In came a group of millennials who had all previously worked with refugees in different capacities, suddenly aware that their privileged access to the labour market could be transferred to others. Charlie argued that this group of students and recent graduates had everything that refugees lacked, “access to networks, access to finance, and … power.” By offering these same advantages to refugees, they could integrate them into the area on which society places the greatest sense of value, business. Thus, in 2016 The Entrepreneurial Refugee Network was born, a social enterprise that continues to this day to improve refugee inclusion into UK society via economic support and empowerment.
In the Photo: TERN logo. Photo Credit: TERN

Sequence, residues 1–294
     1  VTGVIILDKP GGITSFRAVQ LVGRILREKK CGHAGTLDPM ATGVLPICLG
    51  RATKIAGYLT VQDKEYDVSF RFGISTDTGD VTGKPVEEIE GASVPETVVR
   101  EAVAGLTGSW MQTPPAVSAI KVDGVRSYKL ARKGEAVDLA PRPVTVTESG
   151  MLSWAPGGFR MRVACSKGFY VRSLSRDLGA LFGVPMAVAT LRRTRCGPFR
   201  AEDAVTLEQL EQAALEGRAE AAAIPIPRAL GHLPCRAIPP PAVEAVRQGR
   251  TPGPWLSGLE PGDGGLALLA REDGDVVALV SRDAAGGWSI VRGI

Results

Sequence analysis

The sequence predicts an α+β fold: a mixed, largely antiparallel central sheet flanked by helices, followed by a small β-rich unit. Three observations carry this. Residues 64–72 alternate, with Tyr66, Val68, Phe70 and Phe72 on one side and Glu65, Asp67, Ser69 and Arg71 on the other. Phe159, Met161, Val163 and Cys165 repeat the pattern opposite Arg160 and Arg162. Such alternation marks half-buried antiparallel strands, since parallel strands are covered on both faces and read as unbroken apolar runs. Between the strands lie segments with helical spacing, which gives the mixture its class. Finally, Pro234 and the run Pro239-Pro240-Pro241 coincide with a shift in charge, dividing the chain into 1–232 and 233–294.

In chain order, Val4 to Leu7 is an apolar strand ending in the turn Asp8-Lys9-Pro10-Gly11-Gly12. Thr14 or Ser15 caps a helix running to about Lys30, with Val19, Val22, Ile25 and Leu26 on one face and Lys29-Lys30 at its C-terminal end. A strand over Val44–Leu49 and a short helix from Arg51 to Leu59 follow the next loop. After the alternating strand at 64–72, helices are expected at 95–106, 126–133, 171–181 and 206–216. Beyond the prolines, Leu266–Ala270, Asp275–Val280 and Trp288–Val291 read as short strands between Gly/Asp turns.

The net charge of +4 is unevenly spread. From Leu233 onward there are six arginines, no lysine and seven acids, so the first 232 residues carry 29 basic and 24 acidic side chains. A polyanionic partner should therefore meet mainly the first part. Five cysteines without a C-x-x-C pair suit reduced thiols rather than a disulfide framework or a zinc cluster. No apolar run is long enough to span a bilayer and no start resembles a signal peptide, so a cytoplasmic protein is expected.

What came through to me here was not only an efficient business model but also a clear sense of social responsibility being an economic driver. Paraphrasing Charlie, his personal sense of duty fit into a much broader pattern among businesses of the need to act responsibly, driven by the desires of millenials. The relative fickleness of millenials in everything from what they buy and where they work to who they date has led to more companies marketing themselves as a socially beneficial force to potential buyers or employees.
TERN has tapped into this trend. It has leveraged corporations’ desire for a socially responsible image by creating partnerships with them and getting business support in return. Its success in using this business ethic to drive its development is evidenced by its largely millennial generation staff and partnerships with Ben and Jerry’s, Oliver Wyman, and O2.